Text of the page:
Danny Cipriani did not lose Saturday’s Premiership semi-final. Gloucester did, to a Saracens side that is more experienced and successful at this stage of the season than any of their rivals over the last decade.
Saturday’s 44-19 defeat to the reigning Premiership champions was one perhaps not quite as predictable as the scoreline suggested. Gloucester looked very much in the contest until Liam Williams crossed in the corner four minutes from half-time with a try that, even at the time, felt like a nail in the Cherry and Whites coffin.
By the time Saracens had scored the last of their 44 unanswered points, the headlines were already being written: Owen Farrell gets the better of fly-half rival Danny Cipriani.
Truth be told, Farrell didn’t have his best day. With the ball in hand he was instrumental in setting up tries for Sean Maitland and Nick Tompkins while throughout he looked a step ahead of the opposition, but his goalkicking was alarmingly off-colour in missing five of his 11 attempts that falls well short of his usual standards.
Cipriani did not play to his best either, but this is pointless discussing. The two are not competing for the same spot when it comes to England, as Farrell is Eddie Jones’ undisputable No 10 when it comes to Japan in September. And based on his performances in the Premiership’s most underachieving side this season, George Ford will be the designated understudy. Only injury will change that.
So we come to the third-choice fly-half. At present that man is Henry Slade, but based on the Six Nations he is also part of Jones’ first-choice midfield partnership, which gives the Australian a problem. If Farrell and Ford were to be struck down along the way at the Rugby World Cup - and 2011 reminds us that even worse is possible - not only will he have to go with his third-choice fly-half but he will also need to restructure his centre pairing. What is ideal in this scenario is someone who is already a back-up option who is able to slot in at 10 and cause minimal disruption to the rest of the team. At present, that man is Cipriani, but there is another option that is worth exploring.
Step forward Alex Goode. The Saracens full-back put down his tinny post-Champions Cup celebrations long enough to turn in yet another eye-catching display against Gloucester, playing a pivotal role in Nick Tompkins’ second try. His defence has long been a concern of Jones’ - and Gloucester’s two late tries will not have helped that argument even if Saracens had switched off - but what he offers fits what England need.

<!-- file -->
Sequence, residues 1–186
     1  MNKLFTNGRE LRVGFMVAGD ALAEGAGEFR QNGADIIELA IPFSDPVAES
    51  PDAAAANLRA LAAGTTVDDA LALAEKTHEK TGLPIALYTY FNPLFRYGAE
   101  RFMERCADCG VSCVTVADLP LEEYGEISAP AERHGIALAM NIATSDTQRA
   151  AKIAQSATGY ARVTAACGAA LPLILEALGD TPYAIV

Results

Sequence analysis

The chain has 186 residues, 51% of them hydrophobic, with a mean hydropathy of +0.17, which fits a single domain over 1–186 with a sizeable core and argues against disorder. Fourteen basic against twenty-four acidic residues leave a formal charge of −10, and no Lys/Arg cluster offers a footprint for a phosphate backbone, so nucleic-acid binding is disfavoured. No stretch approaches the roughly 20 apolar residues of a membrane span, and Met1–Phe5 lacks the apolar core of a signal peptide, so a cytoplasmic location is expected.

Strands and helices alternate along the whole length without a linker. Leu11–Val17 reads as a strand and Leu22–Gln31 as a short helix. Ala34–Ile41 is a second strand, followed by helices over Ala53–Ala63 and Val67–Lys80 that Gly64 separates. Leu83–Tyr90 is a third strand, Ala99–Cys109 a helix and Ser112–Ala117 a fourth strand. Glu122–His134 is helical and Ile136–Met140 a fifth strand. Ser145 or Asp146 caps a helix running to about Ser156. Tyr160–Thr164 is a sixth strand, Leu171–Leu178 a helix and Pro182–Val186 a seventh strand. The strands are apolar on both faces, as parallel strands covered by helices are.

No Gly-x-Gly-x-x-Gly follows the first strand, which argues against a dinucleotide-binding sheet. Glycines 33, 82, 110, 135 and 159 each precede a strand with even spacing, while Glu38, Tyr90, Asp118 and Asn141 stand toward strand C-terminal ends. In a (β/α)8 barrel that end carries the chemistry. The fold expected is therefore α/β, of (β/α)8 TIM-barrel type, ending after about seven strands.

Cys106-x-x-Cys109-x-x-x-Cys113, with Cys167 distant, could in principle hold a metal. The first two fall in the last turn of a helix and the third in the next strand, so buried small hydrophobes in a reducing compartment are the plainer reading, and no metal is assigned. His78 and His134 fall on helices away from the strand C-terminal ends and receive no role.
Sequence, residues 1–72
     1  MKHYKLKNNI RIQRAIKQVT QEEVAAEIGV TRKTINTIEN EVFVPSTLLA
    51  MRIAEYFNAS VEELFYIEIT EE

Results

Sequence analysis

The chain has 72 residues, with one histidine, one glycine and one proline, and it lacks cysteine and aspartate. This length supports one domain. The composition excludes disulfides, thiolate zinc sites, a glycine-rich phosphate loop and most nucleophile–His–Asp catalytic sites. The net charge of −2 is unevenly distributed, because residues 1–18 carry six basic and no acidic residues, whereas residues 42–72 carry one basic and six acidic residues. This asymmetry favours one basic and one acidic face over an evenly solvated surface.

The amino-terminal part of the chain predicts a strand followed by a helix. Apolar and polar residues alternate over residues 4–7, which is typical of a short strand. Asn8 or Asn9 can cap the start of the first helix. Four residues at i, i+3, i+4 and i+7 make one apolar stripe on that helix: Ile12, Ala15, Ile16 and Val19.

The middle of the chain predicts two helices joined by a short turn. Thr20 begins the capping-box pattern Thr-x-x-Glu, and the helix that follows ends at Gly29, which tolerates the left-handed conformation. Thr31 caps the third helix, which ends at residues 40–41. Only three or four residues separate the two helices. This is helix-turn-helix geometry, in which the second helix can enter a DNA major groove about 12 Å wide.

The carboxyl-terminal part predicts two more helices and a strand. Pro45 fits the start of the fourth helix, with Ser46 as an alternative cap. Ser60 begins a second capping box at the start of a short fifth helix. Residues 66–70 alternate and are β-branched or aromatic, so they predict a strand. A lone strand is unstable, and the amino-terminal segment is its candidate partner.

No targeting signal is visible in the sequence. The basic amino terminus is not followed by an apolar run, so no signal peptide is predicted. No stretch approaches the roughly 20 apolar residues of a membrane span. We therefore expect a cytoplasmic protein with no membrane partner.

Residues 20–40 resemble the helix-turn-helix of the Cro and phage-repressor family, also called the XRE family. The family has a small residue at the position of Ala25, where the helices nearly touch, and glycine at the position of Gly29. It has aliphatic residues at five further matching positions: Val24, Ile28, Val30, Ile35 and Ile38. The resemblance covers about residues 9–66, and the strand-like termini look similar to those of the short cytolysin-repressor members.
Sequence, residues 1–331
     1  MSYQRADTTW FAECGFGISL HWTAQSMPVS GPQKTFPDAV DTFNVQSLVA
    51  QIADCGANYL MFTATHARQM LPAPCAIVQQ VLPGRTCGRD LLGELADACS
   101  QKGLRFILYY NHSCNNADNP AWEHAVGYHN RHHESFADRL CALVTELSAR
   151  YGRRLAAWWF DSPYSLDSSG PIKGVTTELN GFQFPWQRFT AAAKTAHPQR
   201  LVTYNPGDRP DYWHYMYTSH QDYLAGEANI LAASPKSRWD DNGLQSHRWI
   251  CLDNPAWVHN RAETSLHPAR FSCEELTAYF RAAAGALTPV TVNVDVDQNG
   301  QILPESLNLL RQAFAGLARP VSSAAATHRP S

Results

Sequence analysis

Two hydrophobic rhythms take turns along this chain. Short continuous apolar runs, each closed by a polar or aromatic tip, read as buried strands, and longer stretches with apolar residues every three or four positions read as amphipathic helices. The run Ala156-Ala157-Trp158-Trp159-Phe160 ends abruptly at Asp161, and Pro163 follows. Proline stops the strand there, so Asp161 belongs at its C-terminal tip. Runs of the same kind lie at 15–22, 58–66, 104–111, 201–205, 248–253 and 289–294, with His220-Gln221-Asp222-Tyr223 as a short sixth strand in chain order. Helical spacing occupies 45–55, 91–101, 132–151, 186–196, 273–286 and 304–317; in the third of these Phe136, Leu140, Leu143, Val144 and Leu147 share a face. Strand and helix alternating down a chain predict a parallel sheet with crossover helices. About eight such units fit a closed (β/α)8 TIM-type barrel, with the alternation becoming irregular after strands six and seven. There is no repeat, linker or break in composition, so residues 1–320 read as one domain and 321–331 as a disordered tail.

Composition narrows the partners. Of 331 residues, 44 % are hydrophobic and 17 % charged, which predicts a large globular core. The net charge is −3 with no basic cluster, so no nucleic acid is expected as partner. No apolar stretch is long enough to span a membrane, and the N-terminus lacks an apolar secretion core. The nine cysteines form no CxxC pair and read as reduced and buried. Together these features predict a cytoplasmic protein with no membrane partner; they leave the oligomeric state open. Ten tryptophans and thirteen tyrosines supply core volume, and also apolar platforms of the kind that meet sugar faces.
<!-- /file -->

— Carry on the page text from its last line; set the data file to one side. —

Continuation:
Should Cipriani head to Japan, the likelihood is that he would see action either at fly-half against the United States in England’s second pool game after a slim four-day turnaround, or as a makeshift full-back. Goode, on the other hand, is a genuine contender for the full-back shirt who has not only shown he can play 10 if needed, but do it in the heat of a European quarter-final at short notice. Throughout the Six Nations, while Farrell was away on international duty, it was Goode who took on the reins to guide the Saracens backline, and he would not look out of place if needed as a third-choice international fly-half.
Granted, this is not to say Goode is a better fly-half than Cipriani. To say so would be bonkers given the season Cipriani has had. But if Jones is not even willing to bring the Gloucester stand-off in for the Six Nations, what chance does he have of making the 31-man squad for the World Cup
The likelihood is that Cipriani makes the enlarged World Cup training squad named on 4 June, only to miss out on the final cut, whereas recent history suggests that Goode will not even get a look-in. With Elliot Daly the current full-back incumbant, Mike Brown refusing to give up on his 15 shirt and Anthony Watson back in action, Jones will not care for a fourth option there. But Goode has outplayed all three of those this season, and also faced the best Europe has to offer, leaving them all flailing in the dirt as he dances his way into the distance. To ignore him from the World Cup reckoning is brutally harsh at best, but at worse it is going against everything Jones demands in versatility, X-factor and consistency. He may just be the answer to his Cipriani problem.